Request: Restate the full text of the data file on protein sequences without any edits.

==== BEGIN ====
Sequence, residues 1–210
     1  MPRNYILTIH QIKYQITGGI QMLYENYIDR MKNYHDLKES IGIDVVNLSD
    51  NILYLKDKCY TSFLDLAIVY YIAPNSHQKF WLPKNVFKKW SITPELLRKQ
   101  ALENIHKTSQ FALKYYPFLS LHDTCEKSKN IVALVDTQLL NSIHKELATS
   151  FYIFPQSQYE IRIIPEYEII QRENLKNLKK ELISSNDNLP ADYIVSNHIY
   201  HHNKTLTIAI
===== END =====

Sequence, residues 1–210
     1  MPRNYILTIH QIKYQITGGI QMLYENYIDR MKNYHDLKES IGIDVVNLSD
    51  NILYLKDKCY TSFLDLAIVY YIAPNSHQKF WLPKNVFKKW SITPELLRKQ
   101  ALENIHKTSQ FALKYYPFLS LHDTCEKSKN IVALVDTQLL NSIHKELATS
   151  FYIFPQSQYE IRIIPEYEII QRENLKNLKK ELISSNDNLP ADYIVSNHIY
   201  HHNKTLTIAI